The Race to File - Cybersecurity Risks Involving Tax Returns

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By Karen Painter Randall

The average American consumer has become accustomed to, and even relies upon, receiving their tax refund during this time of the year. Unfortunately, so have hackers, who use tax refund season as an opportunity to obtain data and, of course, cash from unsuspecting victims.

Not surprisingly, based on a recent survey performed by CyberScout, about six out of every ten people stated that they were not worried about tax fraud. It is tough to reconcile the findings of CyberScout’s survey with data obtained by the IRS, which estimated that it stopped more than $4 billion in refunds that were claimed by scammers on 787,000 tax returns. Clearly, this is a bigger problem than most people realize.

Over the years, hackers have been improving their “craft,” making the basic security protections from even five years ago obsolete. Taxpayers, however, have not been as adept in improving their “craft” (i.e. protecting their data). For example, it is estimated that nearly 40 percent of taxpayers store their tax documents to their hard drive or on the cloud. Many taxpayers further fail to use encrypted USB drives.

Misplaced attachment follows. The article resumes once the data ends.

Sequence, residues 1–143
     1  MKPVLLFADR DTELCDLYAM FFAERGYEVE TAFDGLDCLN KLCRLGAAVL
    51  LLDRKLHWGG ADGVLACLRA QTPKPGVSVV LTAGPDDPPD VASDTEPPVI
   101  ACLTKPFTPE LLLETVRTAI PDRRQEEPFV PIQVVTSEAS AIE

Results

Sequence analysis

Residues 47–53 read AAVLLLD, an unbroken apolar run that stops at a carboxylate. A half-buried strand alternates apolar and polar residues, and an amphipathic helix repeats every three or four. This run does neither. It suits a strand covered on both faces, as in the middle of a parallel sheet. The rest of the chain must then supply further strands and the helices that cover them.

Because cyber hackers can easily access the information they need to fraudulently file a tax return, the filing process becomes a race - whoever files their tax return first, the taxpayer or the hacker, will often times secure the financial benefits. Accordingly, during tax season, it is important that lawyers, accountants and taxpayers take added steps to protect their financial data, and file their tax returns as soon as possible. Increased protections such as encrypted USB drives, having two-factor authentication to access important documents, and constantly monitoring credit reports for abnormalities should also be employed.